In its original location the cannon was so fastened to the ground that it was immovable as regards any use of it which the defendant reasonably should have anticipated. Had it been left unfastened at that time, it might well have been found to be a nuisance. The question is whether moving it to another location without properly fastening it constituted it a nuisance or whether this was simply negligence of the city employees in failing to fasten it. We see no distinction between the original placing and the subsequent one in this respect except that the latter was claimed to be temporary. Temporary or not, it had existed in the second position for a period of four or five days, at a time of year when the park was extensively used by children in play. See Bush v. Norwalk, 122 Conn. 426, 428, 189 A. 608. Whether or not a particular condition in a public park constitutes a nuisance involves a consideration of all relevant circumstances as well as the inherent nature of the condition. See Balaas v. Hartford, 126 Conn. 510, 514, 12 A.2d 765. Children had played on and about the cannon for many years; in fact, the plaintiff's mother had done so as a child. The jury could have found that children had played upon it without prevention or interference of park authorities. In wartime it was particularly to be expected that it would attract children. The jury reasonably could have found that the cannon so placed constituted a nuisance.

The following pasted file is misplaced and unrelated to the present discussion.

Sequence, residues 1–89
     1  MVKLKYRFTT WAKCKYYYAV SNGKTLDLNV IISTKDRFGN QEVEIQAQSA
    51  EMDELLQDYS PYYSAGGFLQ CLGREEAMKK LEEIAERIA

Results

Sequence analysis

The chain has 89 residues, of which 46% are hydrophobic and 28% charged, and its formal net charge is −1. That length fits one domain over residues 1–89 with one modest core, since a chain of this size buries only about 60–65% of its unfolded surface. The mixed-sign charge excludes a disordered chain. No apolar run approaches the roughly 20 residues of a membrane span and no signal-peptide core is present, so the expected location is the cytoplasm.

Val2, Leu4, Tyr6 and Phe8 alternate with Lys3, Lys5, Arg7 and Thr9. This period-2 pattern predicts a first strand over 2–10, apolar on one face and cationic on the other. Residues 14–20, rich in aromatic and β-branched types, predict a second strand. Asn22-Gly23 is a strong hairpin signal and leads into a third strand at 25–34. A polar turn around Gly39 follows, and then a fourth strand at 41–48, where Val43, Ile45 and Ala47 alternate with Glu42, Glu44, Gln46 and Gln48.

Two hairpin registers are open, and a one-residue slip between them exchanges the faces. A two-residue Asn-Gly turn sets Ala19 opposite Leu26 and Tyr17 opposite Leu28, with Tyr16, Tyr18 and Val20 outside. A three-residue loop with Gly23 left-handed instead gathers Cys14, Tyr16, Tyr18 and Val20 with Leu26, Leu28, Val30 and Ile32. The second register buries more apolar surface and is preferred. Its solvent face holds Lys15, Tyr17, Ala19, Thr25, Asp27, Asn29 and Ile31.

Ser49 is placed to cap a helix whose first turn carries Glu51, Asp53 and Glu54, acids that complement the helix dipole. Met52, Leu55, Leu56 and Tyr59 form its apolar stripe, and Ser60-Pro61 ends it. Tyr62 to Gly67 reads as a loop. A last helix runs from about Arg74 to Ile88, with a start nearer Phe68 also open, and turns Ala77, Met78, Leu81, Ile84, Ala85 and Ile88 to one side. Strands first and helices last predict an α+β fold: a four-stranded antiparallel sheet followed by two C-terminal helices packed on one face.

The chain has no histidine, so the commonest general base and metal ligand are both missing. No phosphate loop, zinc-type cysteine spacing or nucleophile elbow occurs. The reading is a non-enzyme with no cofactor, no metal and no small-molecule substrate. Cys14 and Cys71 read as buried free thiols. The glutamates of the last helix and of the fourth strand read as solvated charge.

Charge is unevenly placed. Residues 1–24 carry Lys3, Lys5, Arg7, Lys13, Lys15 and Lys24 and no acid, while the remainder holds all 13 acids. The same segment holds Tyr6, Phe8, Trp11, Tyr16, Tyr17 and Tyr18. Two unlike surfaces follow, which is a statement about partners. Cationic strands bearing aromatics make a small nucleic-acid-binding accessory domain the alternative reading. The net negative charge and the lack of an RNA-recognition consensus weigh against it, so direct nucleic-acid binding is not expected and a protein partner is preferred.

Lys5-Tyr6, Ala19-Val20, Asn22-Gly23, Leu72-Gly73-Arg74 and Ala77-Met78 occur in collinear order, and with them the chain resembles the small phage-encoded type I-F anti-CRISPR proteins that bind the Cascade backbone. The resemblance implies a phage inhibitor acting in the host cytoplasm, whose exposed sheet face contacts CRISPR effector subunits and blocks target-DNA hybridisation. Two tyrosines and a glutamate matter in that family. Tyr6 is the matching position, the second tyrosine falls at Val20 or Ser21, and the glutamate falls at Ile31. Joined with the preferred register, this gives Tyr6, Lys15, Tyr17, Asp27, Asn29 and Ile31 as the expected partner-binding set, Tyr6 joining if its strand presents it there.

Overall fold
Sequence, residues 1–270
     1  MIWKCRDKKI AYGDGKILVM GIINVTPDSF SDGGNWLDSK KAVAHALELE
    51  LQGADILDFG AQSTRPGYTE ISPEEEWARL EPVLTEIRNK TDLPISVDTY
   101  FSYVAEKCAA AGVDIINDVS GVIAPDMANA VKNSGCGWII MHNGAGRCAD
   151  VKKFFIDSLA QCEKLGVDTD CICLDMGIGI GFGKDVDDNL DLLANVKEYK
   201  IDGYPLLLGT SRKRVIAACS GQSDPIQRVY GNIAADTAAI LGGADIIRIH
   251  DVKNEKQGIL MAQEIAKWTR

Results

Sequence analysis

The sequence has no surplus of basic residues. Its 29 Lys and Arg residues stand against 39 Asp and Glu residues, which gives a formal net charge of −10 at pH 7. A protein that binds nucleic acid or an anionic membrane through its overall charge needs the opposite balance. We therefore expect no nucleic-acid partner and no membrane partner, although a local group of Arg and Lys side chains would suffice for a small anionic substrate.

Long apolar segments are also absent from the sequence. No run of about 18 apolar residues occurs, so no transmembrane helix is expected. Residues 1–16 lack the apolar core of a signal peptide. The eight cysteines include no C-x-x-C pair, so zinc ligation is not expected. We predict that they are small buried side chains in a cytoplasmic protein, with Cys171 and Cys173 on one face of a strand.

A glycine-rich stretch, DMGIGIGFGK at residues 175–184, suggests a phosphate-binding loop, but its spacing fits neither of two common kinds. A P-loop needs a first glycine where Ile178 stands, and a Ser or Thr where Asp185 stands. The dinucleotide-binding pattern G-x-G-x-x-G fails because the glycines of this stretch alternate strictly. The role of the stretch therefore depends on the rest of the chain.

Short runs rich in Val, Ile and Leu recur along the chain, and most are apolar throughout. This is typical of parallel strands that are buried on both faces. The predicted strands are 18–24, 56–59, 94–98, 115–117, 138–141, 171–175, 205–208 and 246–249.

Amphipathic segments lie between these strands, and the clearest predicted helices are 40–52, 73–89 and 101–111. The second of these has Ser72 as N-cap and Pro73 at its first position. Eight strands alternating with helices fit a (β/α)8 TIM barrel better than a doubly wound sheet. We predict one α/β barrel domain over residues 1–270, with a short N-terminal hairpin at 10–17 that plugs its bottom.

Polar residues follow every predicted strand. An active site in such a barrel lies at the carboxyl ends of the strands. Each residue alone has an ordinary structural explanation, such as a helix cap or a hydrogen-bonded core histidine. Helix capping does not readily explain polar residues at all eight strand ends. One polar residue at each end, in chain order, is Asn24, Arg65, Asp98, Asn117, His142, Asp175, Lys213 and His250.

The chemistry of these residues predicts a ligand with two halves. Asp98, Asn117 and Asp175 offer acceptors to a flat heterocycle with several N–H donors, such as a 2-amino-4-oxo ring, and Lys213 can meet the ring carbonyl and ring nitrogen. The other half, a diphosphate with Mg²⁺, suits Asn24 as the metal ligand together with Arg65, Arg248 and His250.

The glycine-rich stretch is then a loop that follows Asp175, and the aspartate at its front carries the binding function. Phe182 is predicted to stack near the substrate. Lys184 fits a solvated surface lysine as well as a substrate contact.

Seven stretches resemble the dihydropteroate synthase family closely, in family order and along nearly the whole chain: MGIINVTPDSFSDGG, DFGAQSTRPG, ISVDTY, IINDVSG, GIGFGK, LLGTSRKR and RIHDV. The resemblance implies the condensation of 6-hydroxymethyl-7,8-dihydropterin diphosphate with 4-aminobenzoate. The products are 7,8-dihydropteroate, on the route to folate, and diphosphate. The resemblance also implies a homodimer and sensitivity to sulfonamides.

A second claim of the defendant is that there was negligence on the part of the plaintiff that would bar recovery. Even if the nuisance in question did not come within the class of "intentional" nuisances which preclude a defense of contributory negligence (see Beckwith v. Stratford, 129 Conn. 506, 511, 29 A.2d 775), the defense would not be tenable. Particularly in view of the fact that the plaintiff and other boys had climbed out on the cannon when in its original location, as the former did in this instance, without the barrel coming down, the jury could have found that this seven-year-old boy was not under a duty reasonably to anticipate such an occurrence. The question was one of fact for their determination. Sherman v. William M. Ryan Sons, 128 Conn. 182, 184, 21 A.2d 378.